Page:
The Herzberg two-plane model that includes an upper plane of "motivator" factors, which are those factors that lead to high job satisfaction are compared to the "hygiene" factors that are enablers of stability in any work environment. Motivator factors include achievement, recognition; work itself, responsibility, advancement, and growth, while hygiene factors include company policies, relationships with supervisors, work conditions, salary, relationship with peers, personal life, and relationships with subordinates, status, and security. These factors overall are critical for the development of a motivated and stable workforce. The implications of these factors on the job satisfaction and attitudes of telecommuters form the research foundation of this paper and also look to provide an indication of how teleworkers keep their work/life balance in equilibrium.
The main objectives of this study are:
To provide further understanding of why workers choose to telecommute in the context of their work/life balance objectives.
To define the demographic segments that are emerging that have the potential to create a new definition of telecommuters and the reasons behind their choice of this specific type of work arrangement.
To provide an understanding of what aspects of telecommuting jobs contribute or detract from job satisfaction. In the past, a widespread of ad hoc scales measuring job satisfaction has been used and the psychometric properties of these ad hoc scales are largely unsubstantiated (Kinicki, Schriesheim, McKee-Ryan, & Carson, 2002).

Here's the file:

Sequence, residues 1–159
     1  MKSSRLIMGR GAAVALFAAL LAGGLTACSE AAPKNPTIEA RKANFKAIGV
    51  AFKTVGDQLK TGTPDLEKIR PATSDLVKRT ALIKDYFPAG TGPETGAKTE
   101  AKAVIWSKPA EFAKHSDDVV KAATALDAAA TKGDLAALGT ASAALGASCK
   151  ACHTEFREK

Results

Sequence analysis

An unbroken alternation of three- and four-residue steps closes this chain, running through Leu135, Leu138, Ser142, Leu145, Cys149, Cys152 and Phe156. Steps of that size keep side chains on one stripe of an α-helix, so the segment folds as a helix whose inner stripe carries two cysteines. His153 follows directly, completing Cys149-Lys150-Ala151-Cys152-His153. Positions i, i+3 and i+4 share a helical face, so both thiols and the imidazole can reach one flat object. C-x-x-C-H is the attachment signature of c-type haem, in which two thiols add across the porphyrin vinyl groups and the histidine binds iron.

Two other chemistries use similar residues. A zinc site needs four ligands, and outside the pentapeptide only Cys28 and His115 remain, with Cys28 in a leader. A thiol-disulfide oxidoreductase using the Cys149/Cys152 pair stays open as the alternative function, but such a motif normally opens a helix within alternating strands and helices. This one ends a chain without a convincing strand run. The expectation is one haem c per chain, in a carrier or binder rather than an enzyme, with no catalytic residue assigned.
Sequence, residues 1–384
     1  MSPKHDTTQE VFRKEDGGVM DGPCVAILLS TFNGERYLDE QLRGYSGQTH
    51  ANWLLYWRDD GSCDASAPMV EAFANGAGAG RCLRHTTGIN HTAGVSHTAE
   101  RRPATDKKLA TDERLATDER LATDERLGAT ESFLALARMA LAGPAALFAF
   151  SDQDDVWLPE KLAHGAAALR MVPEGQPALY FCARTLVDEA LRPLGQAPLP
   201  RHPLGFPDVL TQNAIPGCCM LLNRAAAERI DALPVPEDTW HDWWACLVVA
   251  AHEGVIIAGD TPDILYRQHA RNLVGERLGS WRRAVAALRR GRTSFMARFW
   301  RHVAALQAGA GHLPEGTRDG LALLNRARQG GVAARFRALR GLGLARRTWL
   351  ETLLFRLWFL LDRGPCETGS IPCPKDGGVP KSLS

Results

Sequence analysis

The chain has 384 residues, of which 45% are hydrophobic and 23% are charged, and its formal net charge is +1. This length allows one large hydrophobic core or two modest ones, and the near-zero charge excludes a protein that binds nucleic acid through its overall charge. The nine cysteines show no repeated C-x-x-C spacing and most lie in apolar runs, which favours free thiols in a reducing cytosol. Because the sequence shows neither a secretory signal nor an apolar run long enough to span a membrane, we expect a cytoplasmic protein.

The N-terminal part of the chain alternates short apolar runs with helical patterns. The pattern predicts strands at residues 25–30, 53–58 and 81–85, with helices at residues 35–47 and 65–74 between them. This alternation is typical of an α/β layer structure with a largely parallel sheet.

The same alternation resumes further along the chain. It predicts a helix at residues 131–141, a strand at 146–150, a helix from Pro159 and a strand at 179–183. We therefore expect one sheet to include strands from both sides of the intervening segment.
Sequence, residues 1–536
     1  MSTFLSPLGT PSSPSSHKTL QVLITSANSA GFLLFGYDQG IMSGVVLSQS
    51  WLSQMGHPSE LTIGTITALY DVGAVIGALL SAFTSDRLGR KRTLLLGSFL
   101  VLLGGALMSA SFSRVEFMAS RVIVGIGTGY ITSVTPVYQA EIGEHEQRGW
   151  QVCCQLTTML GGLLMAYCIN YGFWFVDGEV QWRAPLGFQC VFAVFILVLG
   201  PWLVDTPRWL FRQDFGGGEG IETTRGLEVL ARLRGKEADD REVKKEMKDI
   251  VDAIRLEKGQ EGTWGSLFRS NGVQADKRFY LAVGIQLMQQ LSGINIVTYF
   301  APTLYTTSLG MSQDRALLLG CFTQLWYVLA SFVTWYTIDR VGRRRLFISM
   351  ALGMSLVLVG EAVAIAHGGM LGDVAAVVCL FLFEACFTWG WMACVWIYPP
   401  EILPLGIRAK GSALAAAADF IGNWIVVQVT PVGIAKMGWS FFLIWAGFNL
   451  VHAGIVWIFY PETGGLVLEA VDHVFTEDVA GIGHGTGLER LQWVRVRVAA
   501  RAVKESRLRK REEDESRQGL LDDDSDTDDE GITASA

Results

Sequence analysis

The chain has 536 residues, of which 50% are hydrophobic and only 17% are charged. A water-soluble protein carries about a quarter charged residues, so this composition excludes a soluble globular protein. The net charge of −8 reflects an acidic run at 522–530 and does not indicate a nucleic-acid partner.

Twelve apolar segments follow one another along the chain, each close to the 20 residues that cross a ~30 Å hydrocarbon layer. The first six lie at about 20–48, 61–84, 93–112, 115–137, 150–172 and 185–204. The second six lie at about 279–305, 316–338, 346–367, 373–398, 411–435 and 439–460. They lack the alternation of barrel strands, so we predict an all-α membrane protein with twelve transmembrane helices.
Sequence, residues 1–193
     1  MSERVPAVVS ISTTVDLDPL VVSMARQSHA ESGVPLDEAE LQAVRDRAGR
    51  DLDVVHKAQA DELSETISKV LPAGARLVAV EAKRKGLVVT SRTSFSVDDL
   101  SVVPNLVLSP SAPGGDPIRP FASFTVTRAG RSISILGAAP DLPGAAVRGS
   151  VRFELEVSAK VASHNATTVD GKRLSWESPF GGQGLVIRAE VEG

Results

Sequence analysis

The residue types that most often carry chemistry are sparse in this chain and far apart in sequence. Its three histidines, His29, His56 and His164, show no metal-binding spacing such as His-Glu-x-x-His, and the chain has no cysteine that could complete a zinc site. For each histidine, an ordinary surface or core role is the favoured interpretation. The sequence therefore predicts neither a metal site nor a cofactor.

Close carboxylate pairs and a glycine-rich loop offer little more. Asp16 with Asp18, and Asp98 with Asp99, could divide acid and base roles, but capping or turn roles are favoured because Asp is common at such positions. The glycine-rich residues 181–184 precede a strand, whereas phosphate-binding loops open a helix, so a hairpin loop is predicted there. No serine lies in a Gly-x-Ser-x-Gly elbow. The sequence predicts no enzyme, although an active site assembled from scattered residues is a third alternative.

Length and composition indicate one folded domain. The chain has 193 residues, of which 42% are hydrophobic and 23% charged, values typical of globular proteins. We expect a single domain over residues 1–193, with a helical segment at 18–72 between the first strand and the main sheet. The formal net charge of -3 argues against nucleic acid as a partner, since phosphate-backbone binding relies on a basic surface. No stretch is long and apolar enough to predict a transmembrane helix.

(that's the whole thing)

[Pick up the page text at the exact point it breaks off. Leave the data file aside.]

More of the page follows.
To validate that the Internet has become equally balanced as a media source relative to television and newspaper in the context of a telecommuters' use to stay informed.
This research was designed to measure the level of satisfaction for a telecommuting population and to determine the relationship between hours spent telecommuting and a variety of job characteristics defined in the Job Diagnostic Survey. The sample consisted of telecommuters from a software company who ranged in types of occupations. There was an attempt to collect data from people that ranged from very little hours spent telecommuting to "all" of their work time telecommuting the population was asked to respond to the Job Diagnostic Survey (JDS) online over four-week period of time. The participants were asked to provide identifying information in the demographic section that would allow the researcher to match demographic characteristics to their responses across dimensions of the survey.
Participants were asked to voluntarily participate in the study. All data were collected online. The survey was the JDS as authored by Hackman and Oldham, and the five job characteristics were the primary measures for hypotheses testing (autonomy, feedback, task identity, task significance, & skill variety). The survey included 83 items and 14 demographic questions. Once the data were collected, they were cleaned and analyzed using the statistical analyses described later in the data analysis section. This section will outline the sample, instruments, research design, and data analyses methods.